Whether or not a Chicago-based techno/house producer seemed like the most obvious choice to make that soundtrack, Music from the Atom Smashers reveals that 137 Films lucked out with Kate Simko. Sure, "God Particle" and the burbling "Sociber" are akin to a more retiring Monolake, but mostly it's a quieter, more reflective mood that's established here. Much of the album sounds like a digitized version of Mountains than house music, and from the gracefully unfolding tones of "Welcome to Fermilab" onwards it's clear that Simko isn't just comfortable in this style, she's accomplished.
The likes of "Tevatron Dream," "Nature Surreal" and "Quiet Daydream" share more of a background with Eluvium or even Stars of the Lid. There's something clean and clear about Simko's approach to this kind of ambient, lightly droning sound; even without the titles, Music from the Atom Smashers might put you in mind of science, of carefully controlled lab environments and inner spaces. At their best, the tracks work both as backdrops (it's easy to imagine what the filmmakers might put in front of "Who Needs Science?" or "Random Universe") and as separate entities. More than most soundtracks, the music here has been arranged into tracks that make internal sense as songs. You can occasionally catch hints of influence from other soundtracks, intentional or not (Cliff Martinez's work on Solaris, say), but with a few of the weaker tracks removed this could easily pass for an album without any movie connections.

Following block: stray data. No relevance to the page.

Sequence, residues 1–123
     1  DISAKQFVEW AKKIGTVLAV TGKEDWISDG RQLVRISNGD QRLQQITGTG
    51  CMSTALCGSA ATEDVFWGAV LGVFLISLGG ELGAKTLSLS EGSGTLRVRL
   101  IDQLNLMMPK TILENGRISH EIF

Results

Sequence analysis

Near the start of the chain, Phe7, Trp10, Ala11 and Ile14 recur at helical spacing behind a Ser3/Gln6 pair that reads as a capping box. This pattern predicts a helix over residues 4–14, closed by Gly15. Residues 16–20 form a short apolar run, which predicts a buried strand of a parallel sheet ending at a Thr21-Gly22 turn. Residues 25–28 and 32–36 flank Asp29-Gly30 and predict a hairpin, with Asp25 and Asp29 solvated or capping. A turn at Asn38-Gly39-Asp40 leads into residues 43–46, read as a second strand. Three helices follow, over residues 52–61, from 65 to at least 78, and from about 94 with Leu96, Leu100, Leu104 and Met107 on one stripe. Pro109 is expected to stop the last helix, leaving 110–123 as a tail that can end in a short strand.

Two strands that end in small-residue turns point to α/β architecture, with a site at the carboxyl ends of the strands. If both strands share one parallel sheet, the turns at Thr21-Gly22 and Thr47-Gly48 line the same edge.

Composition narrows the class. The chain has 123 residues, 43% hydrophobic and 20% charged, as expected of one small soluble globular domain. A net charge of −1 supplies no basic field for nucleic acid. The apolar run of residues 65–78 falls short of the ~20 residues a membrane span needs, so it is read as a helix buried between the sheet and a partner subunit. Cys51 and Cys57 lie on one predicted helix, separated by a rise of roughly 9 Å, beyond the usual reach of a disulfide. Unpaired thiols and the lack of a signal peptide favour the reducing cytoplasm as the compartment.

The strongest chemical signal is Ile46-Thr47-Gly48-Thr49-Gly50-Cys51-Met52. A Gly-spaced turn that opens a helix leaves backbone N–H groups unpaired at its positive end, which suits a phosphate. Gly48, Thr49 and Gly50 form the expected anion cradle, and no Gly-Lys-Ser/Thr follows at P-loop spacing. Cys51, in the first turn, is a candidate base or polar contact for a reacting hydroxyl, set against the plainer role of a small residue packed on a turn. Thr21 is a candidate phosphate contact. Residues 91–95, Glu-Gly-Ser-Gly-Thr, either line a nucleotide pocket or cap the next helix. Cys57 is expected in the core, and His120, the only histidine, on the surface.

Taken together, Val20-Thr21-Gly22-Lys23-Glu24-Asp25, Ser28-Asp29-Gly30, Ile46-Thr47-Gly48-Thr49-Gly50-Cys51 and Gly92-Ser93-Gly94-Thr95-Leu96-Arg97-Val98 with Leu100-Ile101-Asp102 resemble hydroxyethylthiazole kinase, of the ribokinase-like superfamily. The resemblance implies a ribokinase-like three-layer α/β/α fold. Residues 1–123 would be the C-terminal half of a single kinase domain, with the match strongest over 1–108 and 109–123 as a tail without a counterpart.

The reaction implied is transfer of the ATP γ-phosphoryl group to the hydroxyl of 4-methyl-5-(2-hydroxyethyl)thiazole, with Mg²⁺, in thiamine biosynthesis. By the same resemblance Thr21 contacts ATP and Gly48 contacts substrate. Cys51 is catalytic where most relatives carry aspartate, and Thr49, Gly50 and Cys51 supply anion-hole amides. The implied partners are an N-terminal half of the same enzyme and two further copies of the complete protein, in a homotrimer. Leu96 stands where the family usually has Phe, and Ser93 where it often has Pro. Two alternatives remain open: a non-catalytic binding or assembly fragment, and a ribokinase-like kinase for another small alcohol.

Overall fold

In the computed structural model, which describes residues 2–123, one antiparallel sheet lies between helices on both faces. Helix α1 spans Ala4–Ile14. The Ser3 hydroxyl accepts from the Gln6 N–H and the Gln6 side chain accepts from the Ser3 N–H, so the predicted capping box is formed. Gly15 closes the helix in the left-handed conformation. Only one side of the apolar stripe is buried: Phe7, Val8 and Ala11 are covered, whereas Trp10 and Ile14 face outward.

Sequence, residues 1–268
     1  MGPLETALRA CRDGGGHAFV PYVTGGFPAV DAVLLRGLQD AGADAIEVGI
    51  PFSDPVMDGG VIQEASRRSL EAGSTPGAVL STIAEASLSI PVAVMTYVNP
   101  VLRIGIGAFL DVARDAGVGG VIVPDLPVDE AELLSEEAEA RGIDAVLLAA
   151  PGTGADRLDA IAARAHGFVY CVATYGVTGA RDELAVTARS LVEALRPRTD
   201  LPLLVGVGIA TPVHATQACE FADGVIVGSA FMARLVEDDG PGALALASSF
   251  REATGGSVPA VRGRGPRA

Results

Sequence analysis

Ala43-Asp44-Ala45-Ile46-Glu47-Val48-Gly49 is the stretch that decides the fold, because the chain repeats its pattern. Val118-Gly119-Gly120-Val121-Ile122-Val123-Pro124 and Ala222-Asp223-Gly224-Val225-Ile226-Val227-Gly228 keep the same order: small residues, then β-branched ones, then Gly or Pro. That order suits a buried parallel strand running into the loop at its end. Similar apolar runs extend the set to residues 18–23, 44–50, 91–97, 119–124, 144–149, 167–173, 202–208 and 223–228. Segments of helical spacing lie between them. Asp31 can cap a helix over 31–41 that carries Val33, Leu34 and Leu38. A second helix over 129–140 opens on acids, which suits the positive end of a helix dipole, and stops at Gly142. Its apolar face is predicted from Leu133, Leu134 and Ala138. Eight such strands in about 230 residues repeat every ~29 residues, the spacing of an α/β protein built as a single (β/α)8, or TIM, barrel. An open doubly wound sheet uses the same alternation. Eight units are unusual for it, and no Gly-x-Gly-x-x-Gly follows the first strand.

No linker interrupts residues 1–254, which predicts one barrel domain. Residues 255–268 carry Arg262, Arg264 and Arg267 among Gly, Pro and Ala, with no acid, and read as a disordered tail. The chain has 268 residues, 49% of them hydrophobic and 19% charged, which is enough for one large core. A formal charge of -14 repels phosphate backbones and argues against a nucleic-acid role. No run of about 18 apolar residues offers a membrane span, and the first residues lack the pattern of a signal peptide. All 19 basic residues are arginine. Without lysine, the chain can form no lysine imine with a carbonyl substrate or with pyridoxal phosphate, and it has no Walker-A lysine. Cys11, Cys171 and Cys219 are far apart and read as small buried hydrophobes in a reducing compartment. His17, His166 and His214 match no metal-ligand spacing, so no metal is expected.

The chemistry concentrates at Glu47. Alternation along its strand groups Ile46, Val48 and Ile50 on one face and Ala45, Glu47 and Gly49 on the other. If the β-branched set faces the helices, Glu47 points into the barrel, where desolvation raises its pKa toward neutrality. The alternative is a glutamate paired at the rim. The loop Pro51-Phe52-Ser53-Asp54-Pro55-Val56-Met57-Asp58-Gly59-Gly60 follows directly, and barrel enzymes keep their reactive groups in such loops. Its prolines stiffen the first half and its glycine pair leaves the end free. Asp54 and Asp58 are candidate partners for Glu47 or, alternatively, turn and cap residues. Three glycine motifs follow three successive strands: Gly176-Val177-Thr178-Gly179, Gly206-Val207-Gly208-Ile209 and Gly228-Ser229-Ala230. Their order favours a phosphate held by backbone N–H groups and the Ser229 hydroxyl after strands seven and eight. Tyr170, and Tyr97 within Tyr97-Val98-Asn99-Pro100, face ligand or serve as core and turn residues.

Those weaker tracks are thankfully both generally brief and mostly stick out because they feel incomplete without the context of The Atom Smashers itself. It's hard to get much out of the brief, dramatic "Control Room" by itself, or the wind chime flourishes of "Trouble Brewing." And as a soundtrack, there's more overlap and repetition than you might find elsewhere—not just in the four tracks that appear in two slightly different versions apiece, but in how similar some of the lusher drones are. Music From the Atom Smashers is more interesting when it veers from the Reichian, optimistic "The Creative Part" to the unobtrusively grooving "God Particle" to the rustling, layered pulses and drones of "Who Needs Science?" than when you have to get through a couple of less distinguished tracks to do so.
But especially with a soundtrack album, and a digital album, it's churlish to begrudge Simko giving us more rather than less, especially since the best of what's here is so strikingly lovely. If you're dead set against the idea of soundtracks as actual albums, this one might weaken your resolve a bit; but however you feel about incidental music divorced from its original context, Music from the Atom Smashers will make you hope that Kate Simko doesn't relegate her ambient drone side to soundtracks, which rightly or wrongly are often regarded as peripheral releases.